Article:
Both games were well received, receiving perfect ratings from GamePro[5] and Mainia.[6] IGN rated the games at 9.5/10 and commented that they were a "wonderful GBA follow-up to the immense Game Boy blockbuster."[7] However, some reviews criticized the repetitive nature of the games, with Eurogamer commenting that "apart from the occasional tense battle with a Gym Leader and the more sophisticated opponents later on in the game, the constant fighting and collecting mechanic gets very tired, very fast."[8] Though, these are more criticisms of the series in general.

Ruby and Sapphire were the second and third best selling games of 2003 (with Pokémon Ruby selling more)[9], and received an average score of 82% on Metacritic.[10] With the versions combined, the games were the best selling title on the Game Boy Advance. If not, the title belongs to its third version Emerald.


Pokémon Ruby and Sapphire got the 10th spot on IGN's top 25 Gameboy Advance Games of all time.[11]


  • Along with Pokémon Emerald, these are the only Pokémon games to feature both parents for the main character.
  • These are also the only main series games where the rival is never encountered with his/her starter in its final stage.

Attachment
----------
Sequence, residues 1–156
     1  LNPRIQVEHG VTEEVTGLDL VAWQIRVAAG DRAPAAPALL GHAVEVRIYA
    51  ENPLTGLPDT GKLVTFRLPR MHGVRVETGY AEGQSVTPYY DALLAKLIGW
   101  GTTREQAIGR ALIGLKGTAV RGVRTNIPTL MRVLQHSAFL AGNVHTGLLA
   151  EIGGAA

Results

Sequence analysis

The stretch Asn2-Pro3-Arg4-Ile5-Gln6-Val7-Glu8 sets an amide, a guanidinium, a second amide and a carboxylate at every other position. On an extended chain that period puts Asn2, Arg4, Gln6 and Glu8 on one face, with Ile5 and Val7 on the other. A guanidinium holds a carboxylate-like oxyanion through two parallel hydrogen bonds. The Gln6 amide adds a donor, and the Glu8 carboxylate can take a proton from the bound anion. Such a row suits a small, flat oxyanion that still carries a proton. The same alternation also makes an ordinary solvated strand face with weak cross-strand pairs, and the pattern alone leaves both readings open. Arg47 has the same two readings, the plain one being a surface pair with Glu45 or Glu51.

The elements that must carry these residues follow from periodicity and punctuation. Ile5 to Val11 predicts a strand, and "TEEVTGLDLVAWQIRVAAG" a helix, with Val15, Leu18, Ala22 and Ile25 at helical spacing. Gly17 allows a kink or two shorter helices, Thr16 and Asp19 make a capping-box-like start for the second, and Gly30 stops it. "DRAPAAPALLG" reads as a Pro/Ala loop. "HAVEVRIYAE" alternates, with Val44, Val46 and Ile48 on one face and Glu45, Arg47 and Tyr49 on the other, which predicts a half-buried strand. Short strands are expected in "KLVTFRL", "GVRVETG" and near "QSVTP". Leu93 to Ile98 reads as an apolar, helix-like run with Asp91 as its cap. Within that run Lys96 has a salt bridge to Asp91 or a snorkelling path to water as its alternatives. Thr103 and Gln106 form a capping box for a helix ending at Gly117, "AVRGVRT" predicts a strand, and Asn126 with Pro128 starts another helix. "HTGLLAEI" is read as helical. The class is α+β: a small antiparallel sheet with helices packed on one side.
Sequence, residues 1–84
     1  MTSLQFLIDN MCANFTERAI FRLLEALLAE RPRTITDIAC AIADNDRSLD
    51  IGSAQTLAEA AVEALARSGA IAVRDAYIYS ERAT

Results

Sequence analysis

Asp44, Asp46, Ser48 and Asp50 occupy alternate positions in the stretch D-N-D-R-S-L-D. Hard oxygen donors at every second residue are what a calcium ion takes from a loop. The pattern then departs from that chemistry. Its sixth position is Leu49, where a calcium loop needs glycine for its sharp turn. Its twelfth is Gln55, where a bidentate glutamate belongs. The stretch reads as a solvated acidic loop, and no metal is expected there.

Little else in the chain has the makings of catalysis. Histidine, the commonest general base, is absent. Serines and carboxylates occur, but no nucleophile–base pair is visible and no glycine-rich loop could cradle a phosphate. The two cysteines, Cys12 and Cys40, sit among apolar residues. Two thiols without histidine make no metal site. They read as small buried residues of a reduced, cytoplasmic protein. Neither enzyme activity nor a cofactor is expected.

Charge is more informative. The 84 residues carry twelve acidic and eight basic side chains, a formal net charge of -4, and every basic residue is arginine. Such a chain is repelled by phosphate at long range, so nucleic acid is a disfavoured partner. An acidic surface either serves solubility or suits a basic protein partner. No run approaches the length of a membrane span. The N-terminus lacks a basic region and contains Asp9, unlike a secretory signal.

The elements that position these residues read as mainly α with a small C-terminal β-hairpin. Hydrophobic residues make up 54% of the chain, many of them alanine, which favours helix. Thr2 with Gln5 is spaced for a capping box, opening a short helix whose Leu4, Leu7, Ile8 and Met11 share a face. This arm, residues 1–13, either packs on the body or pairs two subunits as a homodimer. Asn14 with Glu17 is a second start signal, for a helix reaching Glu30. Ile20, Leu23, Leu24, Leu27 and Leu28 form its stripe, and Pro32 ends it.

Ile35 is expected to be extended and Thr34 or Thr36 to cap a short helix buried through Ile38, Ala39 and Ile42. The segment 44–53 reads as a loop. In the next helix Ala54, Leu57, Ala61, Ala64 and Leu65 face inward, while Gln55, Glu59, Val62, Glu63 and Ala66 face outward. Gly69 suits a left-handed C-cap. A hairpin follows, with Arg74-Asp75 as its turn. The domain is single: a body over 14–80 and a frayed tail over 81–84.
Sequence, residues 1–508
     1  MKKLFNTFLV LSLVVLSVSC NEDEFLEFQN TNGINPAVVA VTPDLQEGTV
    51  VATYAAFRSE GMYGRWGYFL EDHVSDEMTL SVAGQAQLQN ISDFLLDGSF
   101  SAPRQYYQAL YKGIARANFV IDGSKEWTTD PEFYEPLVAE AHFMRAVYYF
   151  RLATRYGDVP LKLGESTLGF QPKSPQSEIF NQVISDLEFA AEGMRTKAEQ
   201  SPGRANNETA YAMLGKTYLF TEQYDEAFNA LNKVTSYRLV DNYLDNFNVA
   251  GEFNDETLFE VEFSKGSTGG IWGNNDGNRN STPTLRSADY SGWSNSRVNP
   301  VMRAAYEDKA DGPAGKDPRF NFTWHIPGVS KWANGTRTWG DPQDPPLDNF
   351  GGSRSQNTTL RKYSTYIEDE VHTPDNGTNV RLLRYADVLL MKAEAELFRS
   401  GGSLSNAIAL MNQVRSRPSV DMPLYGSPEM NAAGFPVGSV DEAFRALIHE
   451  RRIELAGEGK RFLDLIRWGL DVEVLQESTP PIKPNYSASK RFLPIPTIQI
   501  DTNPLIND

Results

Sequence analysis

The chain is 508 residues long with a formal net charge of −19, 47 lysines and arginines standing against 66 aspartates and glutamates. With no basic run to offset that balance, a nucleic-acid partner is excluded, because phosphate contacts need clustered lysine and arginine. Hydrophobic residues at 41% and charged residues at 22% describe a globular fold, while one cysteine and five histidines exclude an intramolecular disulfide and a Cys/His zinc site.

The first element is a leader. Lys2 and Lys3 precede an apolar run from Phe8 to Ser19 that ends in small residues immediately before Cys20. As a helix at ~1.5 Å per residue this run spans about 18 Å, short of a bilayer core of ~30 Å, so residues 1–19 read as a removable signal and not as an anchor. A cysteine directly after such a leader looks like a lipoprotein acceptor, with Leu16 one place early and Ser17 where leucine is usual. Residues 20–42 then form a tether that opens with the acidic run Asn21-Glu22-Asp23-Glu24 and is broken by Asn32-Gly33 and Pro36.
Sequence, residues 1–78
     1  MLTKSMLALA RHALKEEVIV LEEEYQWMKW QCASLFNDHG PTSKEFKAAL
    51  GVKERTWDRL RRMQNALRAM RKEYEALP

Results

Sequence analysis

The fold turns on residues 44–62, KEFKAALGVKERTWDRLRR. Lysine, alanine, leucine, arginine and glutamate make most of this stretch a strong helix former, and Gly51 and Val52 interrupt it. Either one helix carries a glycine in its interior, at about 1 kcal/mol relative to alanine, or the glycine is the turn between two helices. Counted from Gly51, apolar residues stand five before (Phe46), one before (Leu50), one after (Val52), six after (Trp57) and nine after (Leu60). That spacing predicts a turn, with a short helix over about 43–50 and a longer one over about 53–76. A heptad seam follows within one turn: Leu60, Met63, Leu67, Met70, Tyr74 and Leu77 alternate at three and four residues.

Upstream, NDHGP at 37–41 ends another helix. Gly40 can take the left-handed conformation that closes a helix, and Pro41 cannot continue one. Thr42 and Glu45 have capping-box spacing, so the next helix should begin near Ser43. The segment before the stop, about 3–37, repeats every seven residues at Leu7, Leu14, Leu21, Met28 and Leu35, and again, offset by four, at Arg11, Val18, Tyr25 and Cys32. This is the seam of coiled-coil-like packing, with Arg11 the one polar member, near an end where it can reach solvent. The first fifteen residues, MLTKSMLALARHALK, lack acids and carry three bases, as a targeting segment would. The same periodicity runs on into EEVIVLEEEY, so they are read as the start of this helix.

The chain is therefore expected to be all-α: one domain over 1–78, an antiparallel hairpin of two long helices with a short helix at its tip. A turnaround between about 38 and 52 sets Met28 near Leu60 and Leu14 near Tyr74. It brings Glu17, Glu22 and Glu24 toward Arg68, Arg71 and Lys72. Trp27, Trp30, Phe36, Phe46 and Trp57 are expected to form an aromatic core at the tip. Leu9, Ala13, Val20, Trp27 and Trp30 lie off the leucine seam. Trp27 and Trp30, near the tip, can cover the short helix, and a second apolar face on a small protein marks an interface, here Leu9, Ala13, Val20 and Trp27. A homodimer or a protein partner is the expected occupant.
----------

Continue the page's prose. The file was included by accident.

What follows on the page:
• These games were released in Japan on the third anniversary of the Japanese release of Pokémon Gold and Silver.
  • Ruby and Sapphire were the first main series games in which Kanto is inaccessible.
  • A special promotional coin featuring Groudon and Kyogre were available with American preorders of Ruby and Sapphire, respectively.
  • Pre-release boxart for these games depicted the version name below the mascot Pokémon with the same font used in the Generation I and II games, with the "Gotta catch 'em all!" slogan present below the Pokémon logo. This was dropped for the final boxart, which features the version names directly below the Pokémon logo and in a different font, dropping the slogan entirely.
  • These were the first Pokémon games to have a framerate of 60 fps. This change carried over to FireRed, LeafGreen, and Emerald. However, the framerate was downgraded to 30 fps in the Generation IV games.